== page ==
japonisme: 8/26/07 - 9/2/07

01 September 2007


JAPANESE GARB: An Overview 1

The Kimono was developed in Japan starting in the early 10th Century, when the Ancient Chinese styles were supplanted by the now common kimono style. This was derived from native work garments which better suited the climate, lifestyles and aesthetics of the Japanese, This was the late Heian or Fugiwara, period (897-1185). The earliest form of the kimono is the Kosode (small sleeve garment). Originally, it was a generally worn, plain undergarment. The farmers, crafters & merchant class continued to wear their simple two-piece garments: the Happi, a knee length top tied at the waist and loose trousers just below the knee. This was common to both sexes. Women could also wear a mid-calf, wrap-around, pleated skirt, the Mo.

In cold weather, the longer kosode would be worn. They were often padded and/or quilted for extra warmth. Through changes in decoration and sleeves, the kosode became an outer garment of the samurai class. (1200's forward)

During the Heian period, the men of the nobility and imperial household retained some of the ceremonial styles of China, wearing the kosode as an undergarment- Kariginu. The women embraced the kimono of the large, open sleeves, the Osede. This was the era of the 12-layer kimono, (Juni-hito) worn at court. They were unlined, with wide sleeves. Care was taken that the layers blended, matched & contrasted in an aesthetically pleasing manner. The layers were visible at the neck, sleeves and the lower skirts. Up to 20 layers could be worn. Underneath it all was a kosode and Hakama, long pleated pants. The layers were tied with sashes.

The transition from the Heian period to the Kamakura period (1185- 1333), was the change from imperial control to the shogunate and samurai. This changed the style of clothing to a simpler, more practical form, befitting the warrior class. The classic crossover front of the kimono replaced the high-collared tabard of the Heian. The men's Hitatare retained the large open sleeves that could be closed with drawstrings, but were now attached all around, instead of only under the arms. Hakama completed the outfit. A similar style for under armor and certain ceremonial activities had smaller, narrower sleeves and short trousers, or hakama wore with leggings.(Yoroi hitatare)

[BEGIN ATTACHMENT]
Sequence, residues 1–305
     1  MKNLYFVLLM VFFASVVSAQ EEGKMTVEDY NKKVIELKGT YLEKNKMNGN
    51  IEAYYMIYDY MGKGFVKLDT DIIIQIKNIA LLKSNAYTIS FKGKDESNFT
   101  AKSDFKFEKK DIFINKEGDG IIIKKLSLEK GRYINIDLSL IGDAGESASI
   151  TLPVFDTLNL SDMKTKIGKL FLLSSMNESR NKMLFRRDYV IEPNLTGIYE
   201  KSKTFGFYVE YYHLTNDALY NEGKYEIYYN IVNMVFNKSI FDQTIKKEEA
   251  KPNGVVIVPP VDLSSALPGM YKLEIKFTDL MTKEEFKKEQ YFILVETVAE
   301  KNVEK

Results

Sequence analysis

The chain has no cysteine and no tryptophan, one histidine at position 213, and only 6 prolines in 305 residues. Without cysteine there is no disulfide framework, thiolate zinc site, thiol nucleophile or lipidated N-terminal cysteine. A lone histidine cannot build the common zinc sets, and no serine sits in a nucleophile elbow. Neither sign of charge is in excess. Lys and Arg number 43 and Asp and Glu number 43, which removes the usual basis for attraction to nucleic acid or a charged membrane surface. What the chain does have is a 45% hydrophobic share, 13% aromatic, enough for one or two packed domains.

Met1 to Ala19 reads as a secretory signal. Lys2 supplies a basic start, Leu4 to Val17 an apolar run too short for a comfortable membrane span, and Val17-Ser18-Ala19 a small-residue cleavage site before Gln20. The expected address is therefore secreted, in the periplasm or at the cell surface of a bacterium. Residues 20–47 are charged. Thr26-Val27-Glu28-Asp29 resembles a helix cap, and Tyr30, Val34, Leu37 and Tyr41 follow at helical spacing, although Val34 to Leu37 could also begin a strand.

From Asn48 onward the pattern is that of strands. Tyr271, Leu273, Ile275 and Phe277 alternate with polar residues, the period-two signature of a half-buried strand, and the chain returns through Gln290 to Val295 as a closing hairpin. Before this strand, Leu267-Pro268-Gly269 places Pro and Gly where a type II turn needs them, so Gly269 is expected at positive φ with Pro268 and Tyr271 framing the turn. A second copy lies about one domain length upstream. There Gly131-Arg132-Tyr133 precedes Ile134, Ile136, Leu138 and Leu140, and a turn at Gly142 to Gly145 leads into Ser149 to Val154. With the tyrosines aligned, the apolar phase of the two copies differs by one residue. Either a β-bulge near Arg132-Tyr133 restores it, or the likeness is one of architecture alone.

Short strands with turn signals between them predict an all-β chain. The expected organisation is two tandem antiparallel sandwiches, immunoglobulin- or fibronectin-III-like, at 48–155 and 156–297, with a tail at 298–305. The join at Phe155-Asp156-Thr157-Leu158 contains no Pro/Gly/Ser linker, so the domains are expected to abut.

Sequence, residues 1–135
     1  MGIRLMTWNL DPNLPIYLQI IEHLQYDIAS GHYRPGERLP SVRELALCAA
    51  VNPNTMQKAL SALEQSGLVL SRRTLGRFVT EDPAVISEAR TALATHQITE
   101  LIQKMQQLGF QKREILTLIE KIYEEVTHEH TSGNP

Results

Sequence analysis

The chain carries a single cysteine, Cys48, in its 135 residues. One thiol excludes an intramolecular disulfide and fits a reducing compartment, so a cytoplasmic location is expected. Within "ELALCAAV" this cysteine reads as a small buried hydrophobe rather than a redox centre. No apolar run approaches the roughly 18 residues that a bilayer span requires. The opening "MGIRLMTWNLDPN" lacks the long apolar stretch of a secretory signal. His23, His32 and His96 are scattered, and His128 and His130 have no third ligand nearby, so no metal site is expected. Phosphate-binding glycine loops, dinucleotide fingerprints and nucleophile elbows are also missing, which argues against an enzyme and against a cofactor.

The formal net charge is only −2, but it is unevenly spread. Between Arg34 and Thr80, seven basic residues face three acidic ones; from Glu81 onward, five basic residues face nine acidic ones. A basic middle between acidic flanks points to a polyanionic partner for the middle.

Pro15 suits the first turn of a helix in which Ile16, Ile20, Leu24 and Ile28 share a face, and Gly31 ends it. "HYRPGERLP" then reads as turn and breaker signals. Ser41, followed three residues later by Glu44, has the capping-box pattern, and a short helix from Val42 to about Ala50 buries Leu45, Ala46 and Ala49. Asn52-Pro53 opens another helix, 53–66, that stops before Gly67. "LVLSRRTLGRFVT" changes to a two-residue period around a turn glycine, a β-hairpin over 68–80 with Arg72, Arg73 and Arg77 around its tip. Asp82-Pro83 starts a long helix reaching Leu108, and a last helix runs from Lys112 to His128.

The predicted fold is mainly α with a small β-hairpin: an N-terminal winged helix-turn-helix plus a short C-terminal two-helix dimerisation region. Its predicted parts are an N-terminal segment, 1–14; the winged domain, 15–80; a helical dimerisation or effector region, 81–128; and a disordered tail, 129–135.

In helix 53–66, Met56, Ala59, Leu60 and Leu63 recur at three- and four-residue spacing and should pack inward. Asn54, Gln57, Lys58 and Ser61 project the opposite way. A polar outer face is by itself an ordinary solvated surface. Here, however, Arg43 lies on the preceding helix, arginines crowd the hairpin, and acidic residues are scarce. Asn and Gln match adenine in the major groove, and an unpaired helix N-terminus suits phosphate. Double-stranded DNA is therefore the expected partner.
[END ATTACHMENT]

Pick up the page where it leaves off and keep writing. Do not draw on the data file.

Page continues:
The lady's garments became very simple. The basic kosode sleeve had a small opening and less fabric hanging down. This was worn with hakama, the hem varying from just to the floor to dragging, depending on the occasion.

1338-1568 was the Muromachi period. This is when the tea ceremony and Noh drama were developed, along with other flowerings of artist expression. The samurai austere warrior's code had them distance themselves from the clothing of the court by wearing subdued fabrics. The men's robes were very similar to the hitatare, but were made of linen, not silk, with cords of leather, not braided silk. This was the Daimon. This garment often had the family crest (kamon) in 5 places on the kimono- 2 at the shoulders in front, 2 on the sleeves and 1 at the neck, in the back. There was no other decoration, only the fine woven patterns of the fabric.

The lady's kosode was the standard for all women, but for formal activities, an over kimono (Uchikake) was worn with the kosode under the hakama. The uchikake had longer sleeves with a small sleeve opening. In summer, the uchikake was allowed to drape over the ties of the hakama and trail behind. This could also be worn with extra-long hakama (Koshi-maki style).

During the Momoyama period (1573- 1603), warriors and land owners assumed positions of authority. This caused a change of attitude toward fashion. What ever was new and novel was highly valued. The women of the daimyo families wore richer and more elaborately decorated kimono. The ceremonial kosode and uchikaki, with a sash obi, became the standard.

After 1603, the Tokugawa shogunate was in control. The capital was at Edo, now called Tokyo. The island was closed to outsiders, except for a few Dutch and Chinese merchants at the port of Nagasaki. In men's fashion, they added the wing-shaped Kamishimo to the kimono and hakama for ceremonial attire. A formal occasion would require long, dragging hakama.